Here are some examples:

Traineeships

Traineeships are for young people who do not have a job and who need to gain experience in the workplace.  They are unpaid work experience programmes for young people who need extra help before moving on to an apprenticeship or employment.  Some employers may offer help with travelling or other expenses. Traineeships are aimed at young people aged 16-24 with limited exam results who have the potential (given the right support) to succeed in an apprenticeship.

They last anything from six weeks to a maximum of six months with the content tailored to the needs of the individual trainee.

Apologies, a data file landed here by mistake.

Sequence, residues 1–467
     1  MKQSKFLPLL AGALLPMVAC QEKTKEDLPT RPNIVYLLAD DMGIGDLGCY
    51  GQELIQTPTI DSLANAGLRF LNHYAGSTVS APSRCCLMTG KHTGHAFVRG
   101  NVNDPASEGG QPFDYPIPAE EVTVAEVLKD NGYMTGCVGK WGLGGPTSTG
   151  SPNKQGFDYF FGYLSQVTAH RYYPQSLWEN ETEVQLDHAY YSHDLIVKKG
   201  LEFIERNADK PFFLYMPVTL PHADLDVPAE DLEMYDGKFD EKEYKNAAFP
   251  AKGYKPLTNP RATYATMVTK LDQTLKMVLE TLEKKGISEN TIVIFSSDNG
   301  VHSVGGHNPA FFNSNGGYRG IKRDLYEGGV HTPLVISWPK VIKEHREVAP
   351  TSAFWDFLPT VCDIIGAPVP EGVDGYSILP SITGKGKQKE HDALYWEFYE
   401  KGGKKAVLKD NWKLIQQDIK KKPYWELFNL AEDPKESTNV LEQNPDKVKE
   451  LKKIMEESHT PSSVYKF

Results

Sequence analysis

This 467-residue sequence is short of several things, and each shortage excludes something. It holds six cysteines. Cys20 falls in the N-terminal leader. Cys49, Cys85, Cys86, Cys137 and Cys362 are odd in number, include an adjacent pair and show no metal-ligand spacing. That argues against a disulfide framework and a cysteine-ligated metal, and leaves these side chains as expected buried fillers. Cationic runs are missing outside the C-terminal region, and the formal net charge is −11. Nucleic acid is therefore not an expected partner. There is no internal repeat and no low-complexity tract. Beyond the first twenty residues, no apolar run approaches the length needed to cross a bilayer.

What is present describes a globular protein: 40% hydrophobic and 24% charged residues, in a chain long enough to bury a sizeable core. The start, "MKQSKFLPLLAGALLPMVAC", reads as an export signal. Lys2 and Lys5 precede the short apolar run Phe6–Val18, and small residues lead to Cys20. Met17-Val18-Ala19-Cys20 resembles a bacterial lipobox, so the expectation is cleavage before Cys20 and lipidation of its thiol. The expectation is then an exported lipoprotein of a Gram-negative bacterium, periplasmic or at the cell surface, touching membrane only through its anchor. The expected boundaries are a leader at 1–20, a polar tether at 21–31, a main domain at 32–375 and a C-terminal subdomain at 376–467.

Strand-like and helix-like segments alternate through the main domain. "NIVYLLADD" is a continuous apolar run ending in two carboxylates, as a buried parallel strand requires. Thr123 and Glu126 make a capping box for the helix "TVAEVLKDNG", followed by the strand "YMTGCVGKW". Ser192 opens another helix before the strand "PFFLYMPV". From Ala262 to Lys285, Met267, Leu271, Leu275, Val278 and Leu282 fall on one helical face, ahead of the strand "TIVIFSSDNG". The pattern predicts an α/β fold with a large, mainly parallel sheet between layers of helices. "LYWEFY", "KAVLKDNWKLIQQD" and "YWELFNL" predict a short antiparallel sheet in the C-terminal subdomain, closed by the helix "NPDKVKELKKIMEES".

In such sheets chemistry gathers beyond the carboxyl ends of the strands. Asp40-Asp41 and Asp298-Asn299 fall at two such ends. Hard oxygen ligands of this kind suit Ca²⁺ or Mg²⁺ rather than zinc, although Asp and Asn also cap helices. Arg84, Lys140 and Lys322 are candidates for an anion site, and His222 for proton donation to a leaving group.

Here is an example:

TRAINEESHIP in Digital Marketing, London

You can find out more in the ‘Foundation Learning’ article.

Job Search

Raising the Participation Age (RPA)

The Government has made changes to the law concerning the age that young people in England must continue in education or training.  The law now says that they must stay in education or training until at least their 18th birthday.

This does not mean that young people must stay in school., but they do have to choose from the following options:

  • full-time education (eg school or college)
  • home education
  • an Apprenticeship
  • a Traineeship
  • full-time employment or volunteering, combined with part-time education or training